Europe at Rock In Rio Lisboa: from great song to great song until the inevitable final countdown

Still Evanescence were on stage ending with two of their biggest hits (‘My Immortal’ and ‘Bring Me To Life’) and a considerable amount of people were already crowding around Palco Galp at Rock in Rio Lisboa to welcome a band highly requested by the public – at least, judging by the many requests made on social media, for someone to risk paying for a flight from Sweden to Lisbon. Europe came from almost one end of the continent to the other to say hello to their biggest fans, a hello that vocalist Joey Tempest preferred to translate as “boa m…†, in almost perfect Portuguese. It was the literal translation of an expression that the English use when they want to refer to something incredible.

It was also incredible how the group, which has been in existence for 40 years (a fact highlighted by its frontman) still seems to have the flame it once had. It’s not even worth reducing them That one (and everyone knows what it is) song. ‘On Broken Wings’ was the opening theme, with Europe tearing it up, it didn’t even seem like they were playing on one of the secondary stages at Rock In Rio Lisboa. In fact, many people ended the show asking the same question they had asked when the announcement that the Swedes would perform on a stage other than the main one: “why?†.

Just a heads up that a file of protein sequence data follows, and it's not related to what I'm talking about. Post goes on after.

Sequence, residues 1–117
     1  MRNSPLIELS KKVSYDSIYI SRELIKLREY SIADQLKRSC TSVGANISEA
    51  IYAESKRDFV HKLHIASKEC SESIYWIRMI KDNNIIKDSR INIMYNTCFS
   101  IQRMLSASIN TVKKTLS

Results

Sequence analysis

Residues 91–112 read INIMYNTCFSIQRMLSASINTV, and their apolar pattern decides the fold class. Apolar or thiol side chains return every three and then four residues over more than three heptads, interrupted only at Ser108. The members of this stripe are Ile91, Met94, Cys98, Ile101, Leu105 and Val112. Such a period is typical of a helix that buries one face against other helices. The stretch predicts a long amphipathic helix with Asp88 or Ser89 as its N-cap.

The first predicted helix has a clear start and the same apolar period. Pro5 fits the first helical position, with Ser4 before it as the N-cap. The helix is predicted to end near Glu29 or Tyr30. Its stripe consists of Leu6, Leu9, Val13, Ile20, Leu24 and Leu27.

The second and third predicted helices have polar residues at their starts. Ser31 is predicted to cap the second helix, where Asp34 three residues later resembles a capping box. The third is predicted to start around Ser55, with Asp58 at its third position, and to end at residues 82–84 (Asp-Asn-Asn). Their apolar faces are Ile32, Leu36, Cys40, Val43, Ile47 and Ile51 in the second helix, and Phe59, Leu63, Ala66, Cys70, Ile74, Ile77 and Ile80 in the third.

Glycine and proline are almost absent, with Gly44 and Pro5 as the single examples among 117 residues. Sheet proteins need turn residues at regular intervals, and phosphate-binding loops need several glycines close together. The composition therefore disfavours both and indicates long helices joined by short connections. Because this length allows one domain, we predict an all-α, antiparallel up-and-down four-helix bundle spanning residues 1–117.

Over the course of an hour, Europe celebrated with their people, who on the railings displayed scarves with the group’s name, cried, put their children on piggyback for a little air drumming. Tempest, for whom age had passed but not by much, had the same appearance as in the magnificent 80s, hair flying in the wind, her entire body making love to the microphone tripod, her voice in exactly the same place. ‘Rock the Night’, the second song in a line-up between club-rock and ballad-rock, seemed like advice addressed to those who were there: tonight is for rock, pure and simple .

From a new song, ‘Hold Your Head Up’, Europe moves on to ‘Carrie’, one of the most applauded and filmed songs of the night, the piano giving way to other people’s voices. The orchestral ‘Last Look at Eden’ ends with another swear word from Tempest, clearly happy to say it well, as happy as the person who taught him (if there is something the Portuguese likes to do to © teaching a foreigner to swear in our language). ‘Superstitious’ sees him come down from the stage for some hugs and selfies to those who waited too long to see Europe again here, with a snippet of ‘No Woman, No Cry’, by Bob Marley, tucked in there (something like a hammer, by the way).

No encore, Ian Haugland led the audience from his drums, before starting with ‘Cherokee’. The inevitable ‘The Final Countdown’ was reserved for the end, thousands of people jumping, that synthesizer spreading magic: but given what came before, placing emphasis on their biggest success would be a disadvantage. “See you soon,†promised Tempest at the end. Anyone who has been here can’t wait.


Francesco Giganti

Journalist, social media, blogger and pop culture obsessive in newshubpro

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